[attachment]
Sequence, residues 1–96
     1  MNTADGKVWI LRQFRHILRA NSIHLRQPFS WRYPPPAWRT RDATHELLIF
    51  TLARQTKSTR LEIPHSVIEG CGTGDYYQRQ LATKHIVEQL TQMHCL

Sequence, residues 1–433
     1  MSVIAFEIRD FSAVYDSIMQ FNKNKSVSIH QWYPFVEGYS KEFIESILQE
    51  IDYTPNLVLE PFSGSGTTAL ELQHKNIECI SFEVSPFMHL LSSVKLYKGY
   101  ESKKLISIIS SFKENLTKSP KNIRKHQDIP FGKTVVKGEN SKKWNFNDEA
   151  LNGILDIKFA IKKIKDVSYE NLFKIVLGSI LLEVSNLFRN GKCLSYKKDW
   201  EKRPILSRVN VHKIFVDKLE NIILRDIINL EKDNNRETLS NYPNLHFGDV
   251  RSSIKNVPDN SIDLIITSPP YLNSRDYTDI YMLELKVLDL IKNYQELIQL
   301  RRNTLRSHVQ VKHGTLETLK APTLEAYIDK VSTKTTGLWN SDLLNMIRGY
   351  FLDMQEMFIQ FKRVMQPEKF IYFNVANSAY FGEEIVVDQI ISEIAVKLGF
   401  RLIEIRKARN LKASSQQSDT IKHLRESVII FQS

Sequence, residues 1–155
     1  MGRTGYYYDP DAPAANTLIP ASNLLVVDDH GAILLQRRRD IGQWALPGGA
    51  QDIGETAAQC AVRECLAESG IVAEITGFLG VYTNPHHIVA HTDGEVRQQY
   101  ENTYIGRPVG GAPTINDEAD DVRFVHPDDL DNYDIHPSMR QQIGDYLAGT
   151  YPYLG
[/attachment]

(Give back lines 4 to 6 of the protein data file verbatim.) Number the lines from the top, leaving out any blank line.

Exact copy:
Sequence, residues 1–433
     1  MSVIAFEIRD FSAVYDSIMQ FNKNKSVSIH QWYPFVEGYS KEFIESILQE
    51  IDYTPNLVLE PFSGSGTTAL ELQHKNIECI SFEVSPFMHL LSSVKLYKGY